Dyneins

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There are two types of microtubule motor proteins these are kinesins and dyneins. They have globular heads which bind to the microtubule and also bind ATP. The hydrolysis of ATP is what drives movement. The tail regions of the motor proteins bind the cargo e.g. endoplasmic reticulum, Golgi apparatus. The dyneins are a family of minus-end-directed microtubule motors, whereas kinesins are plus-end-directed motors[1]. Dyneins are composed of two or three heavy chains and a large variable number of associated intermediate and light chains[2]. The dyneins family consists of two major branches, cytoplasmic dynein and axonemal dynein[3].

Cytoplasmic Dynein

Cytoplasmic dynein is typically composed of heavy chain homodimers, with two large motor domains as heads[4]. These are found in probably all eukaryotic cells as they are important for vesicle trafficking and for the localization of the Golgi apparatus near to the centre of the cell[5]. Cytoplasmic dynein has molecular mass of about 1.5 Megadaltons[6]. Cytoplasmic dynein transports its cargo by “walking” along the microtubule without becoming detached[7].

Axonemal dyneins

Axonemal dyneins are found in the axoneme of the cellular appendages of cilia and flagella and using ATP, cause the rhythmic, beating movement of these structures through the mechanical action of sliding up and down the microtubules within the axonemal cytoskeletal core[8]. Axonemal dynein includes heterodimers that have two different motor-domain heads, and heterotrimers that have three different motor-domain heads[9]. In a test tube axonemal dyneins can move microtubules at a rate of 14 µm/sec[10]. This is far faster than kinesins which are only able to move at speeds of around 2-3 µm/sec[11].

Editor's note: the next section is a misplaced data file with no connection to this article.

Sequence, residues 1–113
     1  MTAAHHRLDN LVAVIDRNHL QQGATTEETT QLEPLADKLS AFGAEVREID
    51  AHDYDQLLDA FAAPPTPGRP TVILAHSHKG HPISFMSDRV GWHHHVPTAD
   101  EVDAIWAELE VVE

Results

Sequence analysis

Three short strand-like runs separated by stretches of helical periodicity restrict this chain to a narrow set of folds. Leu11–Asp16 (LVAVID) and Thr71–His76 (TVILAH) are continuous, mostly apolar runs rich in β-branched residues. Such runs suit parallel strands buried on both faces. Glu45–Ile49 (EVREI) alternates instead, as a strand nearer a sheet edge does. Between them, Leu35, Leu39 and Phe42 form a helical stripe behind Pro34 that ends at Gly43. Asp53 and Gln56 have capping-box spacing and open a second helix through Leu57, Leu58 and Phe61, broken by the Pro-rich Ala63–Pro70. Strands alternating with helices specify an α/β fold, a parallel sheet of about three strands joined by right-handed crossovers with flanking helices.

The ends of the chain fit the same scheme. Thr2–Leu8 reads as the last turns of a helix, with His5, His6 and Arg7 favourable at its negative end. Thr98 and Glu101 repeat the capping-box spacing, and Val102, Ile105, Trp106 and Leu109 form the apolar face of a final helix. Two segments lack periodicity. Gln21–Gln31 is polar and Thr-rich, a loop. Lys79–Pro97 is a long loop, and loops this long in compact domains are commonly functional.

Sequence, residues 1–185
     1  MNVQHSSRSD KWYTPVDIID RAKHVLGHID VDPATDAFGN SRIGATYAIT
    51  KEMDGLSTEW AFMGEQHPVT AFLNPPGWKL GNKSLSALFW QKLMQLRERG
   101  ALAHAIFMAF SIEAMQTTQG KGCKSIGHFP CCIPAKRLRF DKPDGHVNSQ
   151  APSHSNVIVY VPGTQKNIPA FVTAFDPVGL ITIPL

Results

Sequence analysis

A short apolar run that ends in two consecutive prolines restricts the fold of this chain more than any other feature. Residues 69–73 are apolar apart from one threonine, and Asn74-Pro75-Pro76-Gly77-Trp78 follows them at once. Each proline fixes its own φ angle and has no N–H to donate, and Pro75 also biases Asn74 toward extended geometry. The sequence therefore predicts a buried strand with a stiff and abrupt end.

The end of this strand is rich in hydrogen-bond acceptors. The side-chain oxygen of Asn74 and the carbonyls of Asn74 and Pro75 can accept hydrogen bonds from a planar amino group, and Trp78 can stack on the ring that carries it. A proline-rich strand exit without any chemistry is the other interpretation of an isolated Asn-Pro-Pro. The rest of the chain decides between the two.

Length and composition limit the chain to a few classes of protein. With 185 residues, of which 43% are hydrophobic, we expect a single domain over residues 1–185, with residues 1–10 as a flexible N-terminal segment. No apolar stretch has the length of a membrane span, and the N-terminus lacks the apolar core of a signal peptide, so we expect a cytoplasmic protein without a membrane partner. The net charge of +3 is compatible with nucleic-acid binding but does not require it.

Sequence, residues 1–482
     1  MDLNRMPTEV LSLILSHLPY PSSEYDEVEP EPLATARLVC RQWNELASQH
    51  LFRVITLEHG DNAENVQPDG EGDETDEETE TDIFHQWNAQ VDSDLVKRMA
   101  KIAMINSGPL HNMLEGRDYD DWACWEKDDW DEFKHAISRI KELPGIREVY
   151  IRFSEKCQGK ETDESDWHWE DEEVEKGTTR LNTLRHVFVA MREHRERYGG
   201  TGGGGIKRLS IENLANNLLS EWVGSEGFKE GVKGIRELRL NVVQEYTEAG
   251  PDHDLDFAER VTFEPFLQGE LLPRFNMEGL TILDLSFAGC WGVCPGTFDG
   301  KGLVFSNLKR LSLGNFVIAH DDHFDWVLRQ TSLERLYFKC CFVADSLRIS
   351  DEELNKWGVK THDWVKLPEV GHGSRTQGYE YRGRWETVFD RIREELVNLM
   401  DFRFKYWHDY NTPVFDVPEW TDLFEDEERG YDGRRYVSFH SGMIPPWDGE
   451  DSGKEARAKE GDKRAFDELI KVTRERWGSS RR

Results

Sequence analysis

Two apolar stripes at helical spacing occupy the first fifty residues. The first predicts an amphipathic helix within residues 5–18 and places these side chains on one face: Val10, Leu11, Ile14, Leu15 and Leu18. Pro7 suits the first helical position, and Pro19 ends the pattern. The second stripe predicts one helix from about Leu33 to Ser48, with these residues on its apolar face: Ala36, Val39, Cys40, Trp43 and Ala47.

References

  1. Alberts, B., Johnson, A., Lewis, J., Raff, M., Roberts, K. and Walter, P. (2008) Molecular Biology of the cell, fifth edition, New York: Garland Science.
  2. Alberts, B., Johnson, A., Lewis, J., Raff, M., Roberts, K. and Walter, P. (2008) Molecular Biology of the cell, fifth edition, New York: Garland Science.
  3. Alberts, B., Johnson, A., Lewis, J., Raff, M., Roberts, K. and Walter, P. (2008) Molecular Biology of the cell, fifth edition, New York: Garland Science.
  4. Alberts, B., Johnson, A., Lewis, J., Raff, M., Roberts, K. and Walter, P. (2008) Molecular Biology of the cell, fifth edition, New York: Garland Science.
  5. Alberts, B., Johnson, A., Lewis, J., Raff, M., Roberts, K. and Walter, P. (2008) Molecular Biology of the cell, fifth edition, New York: Garland Science.
  6. Wikipedia (2011) Dynein [Online] Available at: http://en.wikipedia.org/wiki/Dynein ( last accessed 28.11.2011).
  7. Wikipedia (2011) Dynein [Online] Available at: http://en.wikipedia.org/wiki/Dynein ( last accessed 28.11.2011).
  8. Wikipedia. Dynein. 2017. Cited [05.12.2017] Available from: https://en.wikipedia.org/wiki/Dynein
  9. Alberts, B., Johnson, A., Lewis, J., Raff, M., Roberts, K. and Walter, P. (2008) Molecular Biology of the cell, fifth edition, New York: Garland Science.
  10. Alberts, B., Johnson, A., Lewis, J., Raff, M., Roberts, K. and Walter, P. (2008) Molecular Biology of the cell, fifth edition, New York: Garland Science.
  11. Alberts, B., Johnson, A., Lewis, J., Raff, M., Roberts, K. and Walter, P. (2008) Molecular Biology of the cell, fifth edition, New York: Garland Science.
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